Amphidromy is one kind of diadromy (meaning two migrations) in which newly hatched larvae (sometimes referred to as free-living embryos) are swept downstream into the ocean where they live for a period of time (as much as six months in one Hawaiian fish species) before migrating back into fresh water where they eventually mature, reproduce, and complete the life cycle (Figure 1). Amphidromy is a boon to stream restoration because, once a problem is corrected, the recruitment of native animals into the stream will occur naturally. No biologist is needed to restock formerly altered streams.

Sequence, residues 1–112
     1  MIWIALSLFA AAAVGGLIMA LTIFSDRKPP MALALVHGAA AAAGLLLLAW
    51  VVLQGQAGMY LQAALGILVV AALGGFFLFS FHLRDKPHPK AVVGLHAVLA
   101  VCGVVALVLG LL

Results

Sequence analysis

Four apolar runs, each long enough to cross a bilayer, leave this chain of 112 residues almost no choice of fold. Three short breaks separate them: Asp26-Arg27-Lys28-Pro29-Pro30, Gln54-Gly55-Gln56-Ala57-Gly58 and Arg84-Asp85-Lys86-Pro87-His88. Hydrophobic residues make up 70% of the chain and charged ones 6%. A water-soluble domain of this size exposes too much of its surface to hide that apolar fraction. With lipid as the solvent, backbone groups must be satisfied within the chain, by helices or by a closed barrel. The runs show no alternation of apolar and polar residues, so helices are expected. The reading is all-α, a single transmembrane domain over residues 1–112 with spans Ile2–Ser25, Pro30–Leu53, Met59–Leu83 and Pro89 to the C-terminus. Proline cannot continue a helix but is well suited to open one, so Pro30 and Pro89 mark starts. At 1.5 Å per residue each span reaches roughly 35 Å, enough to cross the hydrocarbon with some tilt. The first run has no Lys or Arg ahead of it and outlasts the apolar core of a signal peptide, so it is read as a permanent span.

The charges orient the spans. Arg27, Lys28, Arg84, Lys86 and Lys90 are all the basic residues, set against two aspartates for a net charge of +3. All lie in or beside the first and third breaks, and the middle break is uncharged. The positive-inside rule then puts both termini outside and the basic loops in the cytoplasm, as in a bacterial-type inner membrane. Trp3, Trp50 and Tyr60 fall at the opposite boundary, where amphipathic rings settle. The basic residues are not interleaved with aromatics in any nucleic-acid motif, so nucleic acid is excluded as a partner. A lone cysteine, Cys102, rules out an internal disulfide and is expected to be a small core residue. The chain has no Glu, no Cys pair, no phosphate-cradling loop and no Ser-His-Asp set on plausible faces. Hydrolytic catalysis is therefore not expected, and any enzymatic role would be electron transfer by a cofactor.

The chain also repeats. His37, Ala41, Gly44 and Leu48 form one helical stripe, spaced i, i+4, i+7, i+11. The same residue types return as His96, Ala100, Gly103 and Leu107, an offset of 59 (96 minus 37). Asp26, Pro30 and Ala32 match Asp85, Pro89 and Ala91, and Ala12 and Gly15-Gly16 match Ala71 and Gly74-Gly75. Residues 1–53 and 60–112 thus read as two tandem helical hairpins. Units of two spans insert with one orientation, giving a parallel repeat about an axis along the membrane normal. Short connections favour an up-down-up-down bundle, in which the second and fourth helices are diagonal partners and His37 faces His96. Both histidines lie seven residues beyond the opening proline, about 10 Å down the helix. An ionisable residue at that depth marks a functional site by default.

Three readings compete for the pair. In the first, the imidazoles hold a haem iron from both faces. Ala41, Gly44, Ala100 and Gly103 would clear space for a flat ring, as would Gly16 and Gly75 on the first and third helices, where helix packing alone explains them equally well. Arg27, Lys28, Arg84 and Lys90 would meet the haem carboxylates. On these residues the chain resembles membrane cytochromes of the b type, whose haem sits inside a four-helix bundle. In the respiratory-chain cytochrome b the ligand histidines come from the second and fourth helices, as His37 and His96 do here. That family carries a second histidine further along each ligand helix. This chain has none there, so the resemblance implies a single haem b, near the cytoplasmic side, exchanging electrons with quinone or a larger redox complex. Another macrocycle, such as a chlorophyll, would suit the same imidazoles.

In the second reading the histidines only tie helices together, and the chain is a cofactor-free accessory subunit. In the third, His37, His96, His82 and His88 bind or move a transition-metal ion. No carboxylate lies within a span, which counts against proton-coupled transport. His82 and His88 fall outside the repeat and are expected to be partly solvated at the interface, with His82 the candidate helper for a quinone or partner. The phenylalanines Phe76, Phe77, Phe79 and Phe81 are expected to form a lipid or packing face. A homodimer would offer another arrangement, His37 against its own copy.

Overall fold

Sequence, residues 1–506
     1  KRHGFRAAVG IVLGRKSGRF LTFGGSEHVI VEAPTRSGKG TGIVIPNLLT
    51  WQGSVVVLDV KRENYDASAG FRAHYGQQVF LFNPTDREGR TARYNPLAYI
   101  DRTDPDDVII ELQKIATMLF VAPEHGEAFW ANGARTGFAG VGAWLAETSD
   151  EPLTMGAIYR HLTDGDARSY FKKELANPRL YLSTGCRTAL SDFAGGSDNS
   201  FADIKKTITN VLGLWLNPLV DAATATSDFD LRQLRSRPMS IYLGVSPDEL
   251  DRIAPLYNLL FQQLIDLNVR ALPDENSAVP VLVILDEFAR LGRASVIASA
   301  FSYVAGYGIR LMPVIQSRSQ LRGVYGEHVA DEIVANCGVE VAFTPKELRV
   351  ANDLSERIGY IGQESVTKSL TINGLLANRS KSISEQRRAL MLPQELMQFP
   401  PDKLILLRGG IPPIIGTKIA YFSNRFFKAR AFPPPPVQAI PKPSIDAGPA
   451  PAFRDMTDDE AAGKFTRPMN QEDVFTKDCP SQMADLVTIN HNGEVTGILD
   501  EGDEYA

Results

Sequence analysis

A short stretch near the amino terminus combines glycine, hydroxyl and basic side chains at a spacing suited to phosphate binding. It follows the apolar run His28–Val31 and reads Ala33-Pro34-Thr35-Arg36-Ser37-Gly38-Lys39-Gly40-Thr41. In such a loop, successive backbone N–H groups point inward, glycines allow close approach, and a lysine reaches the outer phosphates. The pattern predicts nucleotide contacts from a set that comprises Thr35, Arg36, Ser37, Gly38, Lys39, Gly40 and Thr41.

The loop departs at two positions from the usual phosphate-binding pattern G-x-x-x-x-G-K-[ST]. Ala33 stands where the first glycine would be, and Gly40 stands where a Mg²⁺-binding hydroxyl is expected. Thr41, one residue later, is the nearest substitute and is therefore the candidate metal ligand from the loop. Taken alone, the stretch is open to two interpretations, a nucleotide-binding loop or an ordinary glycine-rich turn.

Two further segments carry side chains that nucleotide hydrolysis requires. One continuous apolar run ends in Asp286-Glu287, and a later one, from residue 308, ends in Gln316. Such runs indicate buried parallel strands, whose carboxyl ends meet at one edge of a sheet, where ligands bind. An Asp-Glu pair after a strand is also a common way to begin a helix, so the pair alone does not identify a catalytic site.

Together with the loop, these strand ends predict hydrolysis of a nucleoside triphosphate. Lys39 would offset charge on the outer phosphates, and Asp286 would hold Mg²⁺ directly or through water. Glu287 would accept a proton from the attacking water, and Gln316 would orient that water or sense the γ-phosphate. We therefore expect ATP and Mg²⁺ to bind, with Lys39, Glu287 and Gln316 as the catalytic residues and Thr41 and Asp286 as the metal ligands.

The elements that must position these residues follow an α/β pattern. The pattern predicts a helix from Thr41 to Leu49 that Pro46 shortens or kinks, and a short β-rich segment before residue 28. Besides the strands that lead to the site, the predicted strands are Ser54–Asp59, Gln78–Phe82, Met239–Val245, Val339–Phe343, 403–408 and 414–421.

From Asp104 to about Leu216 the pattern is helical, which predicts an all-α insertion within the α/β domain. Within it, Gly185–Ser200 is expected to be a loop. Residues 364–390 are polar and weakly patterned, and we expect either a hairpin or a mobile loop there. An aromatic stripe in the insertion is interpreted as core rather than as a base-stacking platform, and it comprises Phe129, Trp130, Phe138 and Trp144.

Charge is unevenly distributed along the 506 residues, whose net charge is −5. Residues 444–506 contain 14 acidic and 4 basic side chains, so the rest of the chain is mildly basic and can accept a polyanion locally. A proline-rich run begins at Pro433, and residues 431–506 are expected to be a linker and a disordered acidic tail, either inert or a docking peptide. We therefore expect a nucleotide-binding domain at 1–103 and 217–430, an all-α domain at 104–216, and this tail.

Figure 1. Amphidromous life cycle of indigenous stream animals.